Leslie West and Mountain helped to shape my love of music during my early teen years and I remain a huge fan of him all these years later. West has also influenced many artists over the years, from early contemporaries like Jimi Hendrix, Jethro Tull’s Martin Barre, John Mac Laughlin and Deep Purple’s Richie Blackmore to Eddie Van Halen and so many more. The little, fat Jewish kid with the big guitar and vocals (that Felix Papallardi discovered with West’s band The Vagrants) remains solid in his guitar playing and appreciation for doing things in a big, musical way. Papallardi produced West’s solo album Mountain,* which gave rise to the band and subsequent albums which he and West were instrumental in making legendary. After Papillardi’s passing in 1973, West has done a lot of different things; his solo work is probably some of the best music he’s done over the years.
“Left by the Roadside” gives us some gutsy vocals and nicely done acoustic resonator slide guitar as an intro before breaking into the big electric sound. West demonstrates the massive guitar sound he made famous in his Mountain Days on the solos here. “Give Me One Reason” gets a gritty makeover with West growling out the lyrics and playing a guitar lead and solos with real bite. He turns the Tracy Chapman from a somewhat sedate classic into a big rock song. “Here by the Party” is a typical 70’s rock anthem that West goes over the top in his exuberant way. “You Are My Sunshine” gets shifted to a minor key and the tempo gets slowed way down to turn it into a blues song. Interesting take with Peter Frampton sharing the guitar work as West takes the slide side. “Empty Promises/Nothin’Sacred” is something west calls his tribute to AC/DC. I think little else is needed here to describe that!
“A Stern Warning” is a solo acoustic piece and refers to Howard Stern. Stern apparently called West one day to ask the meaning of the Mountain Song “To My Friend,” a song that West paid tribute to Felix Papallardi after he was given a 12 string guitar by Felix. West pays tribute to his friend Howard here. Curtis Mayfield’s “People Get Ready” gets made over with lots of laid-over guitar riffs and completely Westiified. Queen’s Brian May appears on “Goin’ Down” along with Bonnie Bramlett, Max Middleton, David Hood, and Bobby Whitlock. West starts with the guitar lead and May finishes it here on this cut. West intentionally states he had Middleton reprise his intro from the song that he did on The Jeff Beck Group album. “Stand By Me” pays tribute to Ben E. King who passed in April. Arielle Pizza adds here vocals to Wests’; she’s a 16 year old with great chops! West’s bass player Rev Jones is featured on “Eleanor Rigby,” it is a staple on West’s tour and Leslie made sure he included it here. “Spoonful” concludes the set, done live in 1988 with Jack Bruce and originally from their album Theme. West edited it down and pays tribute to Bruce (who also recently passed) by including it here.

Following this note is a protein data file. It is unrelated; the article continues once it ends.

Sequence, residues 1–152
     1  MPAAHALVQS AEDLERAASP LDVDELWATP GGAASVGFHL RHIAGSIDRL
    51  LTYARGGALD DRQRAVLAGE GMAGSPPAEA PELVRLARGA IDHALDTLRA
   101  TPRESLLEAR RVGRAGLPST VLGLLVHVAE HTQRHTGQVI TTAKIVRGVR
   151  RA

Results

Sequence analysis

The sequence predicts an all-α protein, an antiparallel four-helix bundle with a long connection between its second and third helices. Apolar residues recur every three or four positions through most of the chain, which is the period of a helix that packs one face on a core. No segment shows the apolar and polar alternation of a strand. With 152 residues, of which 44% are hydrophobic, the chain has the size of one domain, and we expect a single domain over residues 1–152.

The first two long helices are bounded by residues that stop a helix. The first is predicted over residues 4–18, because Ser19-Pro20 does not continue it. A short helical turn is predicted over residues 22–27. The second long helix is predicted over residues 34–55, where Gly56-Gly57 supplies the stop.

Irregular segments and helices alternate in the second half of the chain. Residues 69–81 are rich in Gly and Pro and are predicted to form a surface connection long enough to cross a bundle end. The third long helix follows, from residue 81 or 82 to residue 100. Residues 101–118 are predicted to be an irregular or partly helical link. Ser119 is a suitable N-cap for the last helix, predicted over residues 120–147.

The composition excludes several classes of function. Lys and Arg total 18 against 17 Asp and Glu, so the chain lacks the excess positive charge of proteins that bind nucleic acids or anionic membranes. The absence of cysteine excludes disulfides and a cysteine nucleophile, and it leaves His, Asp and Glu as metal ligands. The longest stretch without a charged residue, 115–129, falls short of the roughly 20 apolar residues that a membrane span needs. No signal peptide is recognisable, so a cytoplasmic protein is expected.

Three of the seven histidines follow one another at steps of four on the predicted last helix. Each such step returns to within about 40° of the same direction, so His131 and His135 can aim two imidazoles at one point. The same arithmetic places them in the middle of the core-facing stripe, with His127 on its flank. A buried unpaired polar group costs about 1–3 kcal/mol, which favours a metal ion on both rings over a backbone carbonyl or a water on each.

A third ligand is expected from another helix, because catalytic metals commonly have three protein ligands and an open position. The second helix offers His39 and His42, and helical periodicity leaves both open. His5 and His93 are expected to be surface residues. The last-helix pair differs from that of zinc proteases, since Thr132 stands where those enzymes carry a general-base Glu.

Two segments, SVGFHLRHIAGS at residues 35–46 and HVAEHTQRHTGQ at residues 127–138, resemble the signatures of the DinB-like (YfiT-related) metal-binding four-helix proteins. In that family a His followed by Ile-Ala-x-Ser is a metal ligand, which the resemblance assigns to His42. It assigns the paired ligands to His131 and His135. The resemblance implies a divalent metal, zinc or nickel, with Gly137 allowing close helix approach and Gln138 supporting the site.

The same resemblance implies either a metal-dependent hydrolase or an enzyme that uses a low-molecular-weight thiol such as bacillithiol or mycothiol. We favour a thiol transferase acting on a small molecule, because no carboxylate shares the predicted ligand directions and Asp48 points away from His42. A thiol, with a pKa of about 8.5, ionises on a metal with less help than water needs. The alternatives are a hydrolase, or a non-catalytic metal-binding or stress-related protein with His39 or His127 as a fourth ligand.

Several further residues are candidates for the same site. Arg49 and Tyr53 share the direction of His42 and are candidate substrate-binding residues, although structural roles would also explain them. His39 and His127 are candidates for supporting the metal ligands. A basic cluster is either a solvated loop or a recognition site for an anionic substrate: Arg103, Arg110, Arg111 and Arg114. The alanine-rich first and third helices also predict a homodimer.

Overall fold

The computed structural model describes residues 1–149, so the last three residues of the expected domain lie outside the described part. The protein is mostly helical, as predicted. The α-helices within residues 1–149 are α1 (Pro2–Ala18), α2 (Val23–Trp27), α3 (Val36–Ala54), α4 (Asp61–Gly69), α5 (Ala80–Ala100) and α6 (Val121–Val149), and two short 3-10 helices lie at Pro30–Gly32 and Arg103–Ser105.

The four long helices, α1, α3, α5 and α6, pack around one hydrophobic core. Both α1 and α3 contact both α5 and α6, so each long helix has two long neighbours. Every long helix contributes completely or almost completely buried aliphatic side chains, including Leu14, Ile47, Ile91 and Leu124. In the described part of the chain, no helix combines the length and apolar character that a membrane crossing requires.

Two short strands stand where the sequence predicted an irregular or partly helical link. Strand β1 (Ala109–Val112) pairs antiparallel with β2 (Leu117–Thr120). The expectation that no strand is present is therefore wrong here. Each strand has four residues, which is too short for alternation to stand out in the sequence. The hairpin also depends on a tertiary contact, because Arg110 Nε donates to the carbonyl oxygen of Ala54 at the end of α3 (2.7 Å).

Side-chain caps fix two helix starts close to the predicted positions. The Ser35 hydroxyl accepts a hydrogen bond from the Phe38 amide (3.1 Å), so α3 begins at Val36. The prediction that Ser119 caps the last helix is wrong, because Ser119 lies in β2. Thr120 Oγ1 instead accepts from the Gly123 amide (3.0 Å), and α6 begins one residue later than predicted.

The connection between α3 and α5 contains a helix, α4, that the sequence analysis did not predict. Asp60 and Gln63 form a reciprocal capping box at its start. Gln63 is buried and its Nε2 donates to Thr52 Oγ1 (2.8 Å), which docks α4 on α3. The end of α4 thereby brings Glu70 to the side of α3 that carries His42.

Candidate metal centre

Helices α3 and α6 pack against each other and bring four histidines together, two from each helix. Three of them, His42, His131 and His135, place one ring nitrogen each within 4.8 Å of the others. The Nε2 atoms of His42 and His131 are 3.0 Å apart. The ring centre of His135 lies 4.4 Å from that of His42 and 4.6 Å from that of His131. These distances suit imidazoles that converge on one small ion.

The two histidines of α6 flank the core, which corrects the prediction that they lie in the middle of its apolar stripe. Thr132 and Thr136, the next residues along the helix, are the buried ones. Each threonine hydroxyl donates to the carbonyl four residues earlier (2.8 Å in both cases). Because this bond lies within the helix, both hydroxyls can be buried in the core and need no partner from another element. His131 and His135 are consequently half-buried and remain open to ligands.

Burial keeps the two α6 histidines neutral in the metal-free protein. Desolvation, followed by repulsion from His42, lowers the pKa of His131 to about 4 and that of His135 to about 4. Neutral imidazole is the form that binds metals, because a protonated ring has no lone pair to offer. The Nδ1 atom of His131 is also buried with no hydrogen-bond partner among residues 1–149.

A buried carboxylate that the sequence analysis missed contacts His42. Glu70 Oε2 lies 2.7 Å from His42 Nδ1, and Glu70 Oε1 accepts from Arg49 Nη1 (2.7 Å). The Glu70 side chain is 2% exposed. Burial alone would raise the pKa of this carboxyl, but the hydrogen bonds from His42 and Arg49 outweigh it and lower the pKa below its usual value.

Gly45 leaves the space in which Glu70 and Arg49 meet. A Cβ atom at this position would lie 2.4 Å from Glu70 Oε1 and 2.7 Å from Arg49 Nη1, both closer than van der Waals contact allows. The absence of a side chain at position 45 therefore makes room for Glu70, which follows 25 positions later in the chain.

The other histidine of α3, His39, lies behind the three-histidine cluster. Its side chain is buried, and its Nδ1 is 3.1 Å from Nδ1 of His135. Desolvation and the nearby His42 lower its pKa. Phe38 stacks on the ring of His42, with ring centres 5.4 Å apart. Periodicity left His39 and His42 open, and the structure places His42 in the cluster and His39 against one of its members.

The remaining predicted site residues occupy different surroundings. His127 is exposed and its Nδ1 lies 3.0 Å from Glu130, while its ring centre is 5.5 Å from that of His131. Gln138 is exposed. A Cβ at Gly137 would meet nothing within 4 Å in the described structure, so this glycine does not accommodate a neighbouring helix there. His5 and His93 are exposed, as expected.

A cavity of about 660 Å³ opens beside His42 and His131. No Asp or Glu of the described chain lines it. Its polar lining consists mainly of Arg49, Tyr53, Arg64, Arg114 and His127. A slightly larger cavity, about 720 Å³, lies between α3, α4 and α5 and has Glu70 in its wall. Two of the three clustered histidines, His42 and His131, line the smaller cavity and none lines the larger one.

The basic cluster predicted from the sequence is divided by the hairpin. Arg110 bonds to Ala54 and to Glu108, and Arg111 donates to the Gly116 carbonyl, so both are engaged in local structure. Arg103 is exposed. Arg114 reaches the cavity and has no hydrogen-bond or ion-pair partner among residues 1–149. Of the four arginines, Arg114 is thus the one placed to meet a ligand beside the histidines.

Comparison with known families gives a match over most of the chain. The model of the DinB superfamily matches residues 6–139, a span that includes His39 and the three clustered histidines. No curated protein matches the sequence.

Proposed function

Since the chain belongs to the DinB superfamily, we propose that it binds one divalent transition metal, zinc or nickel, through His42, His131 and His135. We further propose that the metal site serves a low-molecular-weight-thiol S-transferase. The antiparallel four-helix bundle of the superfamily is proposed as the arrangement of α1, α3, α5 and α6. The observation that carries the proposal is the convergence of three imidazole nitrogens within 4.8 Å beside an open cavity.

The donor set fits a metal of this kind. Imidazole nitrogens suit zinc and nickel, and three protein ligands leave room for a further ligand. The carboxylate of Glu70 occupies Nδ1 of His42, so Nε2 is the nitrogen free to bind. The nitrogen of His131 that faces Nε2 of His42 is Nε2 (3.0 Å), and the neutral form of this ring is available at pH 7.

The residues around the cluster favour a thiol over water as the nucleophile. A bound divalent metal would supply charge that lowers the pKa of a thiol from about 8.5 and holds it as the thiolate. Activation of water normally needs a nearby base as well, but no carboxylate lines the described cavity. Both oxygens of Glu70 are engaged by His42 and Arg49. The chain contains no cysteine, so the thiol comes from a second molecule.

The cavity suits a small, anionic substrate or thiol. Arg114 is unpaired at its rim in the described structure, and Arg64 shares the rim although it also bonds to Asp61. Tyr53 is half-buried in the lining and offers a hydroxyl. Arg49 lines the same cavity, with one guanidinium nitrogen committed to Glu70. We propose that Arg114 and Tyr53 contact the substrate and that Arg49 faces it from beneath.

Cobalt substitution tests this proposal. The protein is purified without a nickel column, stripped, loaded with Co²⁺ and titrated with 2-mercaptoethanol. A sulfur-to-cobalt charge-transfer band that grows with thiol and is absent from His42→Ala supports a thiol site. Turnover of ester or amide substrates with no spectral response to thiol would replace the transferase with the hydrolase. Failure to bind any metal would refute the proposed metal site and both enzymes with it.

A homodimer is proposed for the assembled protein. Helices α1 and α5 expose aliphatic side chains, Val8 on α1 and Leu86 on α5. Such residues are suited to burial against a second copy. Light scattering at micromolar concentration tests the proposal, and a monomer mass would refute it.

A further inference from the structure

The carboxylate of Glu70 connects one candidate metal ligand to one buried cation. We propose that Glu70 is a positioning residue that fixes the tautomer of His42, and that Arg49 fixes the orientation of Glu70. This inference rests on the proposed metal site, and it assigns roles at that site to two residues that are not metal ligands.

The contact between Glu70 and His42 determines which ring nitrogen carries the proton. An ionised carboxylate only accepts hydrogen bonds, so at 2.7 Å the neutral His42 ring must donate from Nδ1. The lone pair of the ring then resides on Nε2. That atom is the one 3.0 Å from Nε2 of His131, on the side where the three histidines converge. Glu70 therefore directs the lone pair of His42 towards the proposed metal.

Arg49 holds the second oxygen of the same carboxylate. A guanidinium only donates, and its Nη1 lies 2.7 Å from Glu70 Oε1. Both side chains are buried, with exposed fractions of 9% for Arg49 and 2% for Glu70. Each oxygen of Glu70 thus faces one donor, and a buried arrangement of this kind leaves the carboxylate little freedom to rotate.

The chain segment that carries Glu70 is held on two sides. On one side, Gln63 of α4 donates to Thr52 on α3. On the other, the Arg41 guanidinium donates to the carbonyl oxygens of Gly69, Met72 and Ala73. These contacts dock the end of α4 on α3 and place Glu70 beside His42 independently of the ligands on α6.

This is not a purist blues album. There is a lot of big rock here, too. The songs get some very different takes. It may turn some people off while it certainly will also turn some people on. If you are a big, ballsy, rocking blues fan or a fan of Leslies’, you will find something that you like here! It’s got some blues and it’s got a lot of rock. If that’s your cup of tea, then drink deeply!
*The one-sheet that comes with the CD talks about West first gaining notoriety with his band Mountain, but it really was his earlier solo album of that name that launched his fame and his fantastic career.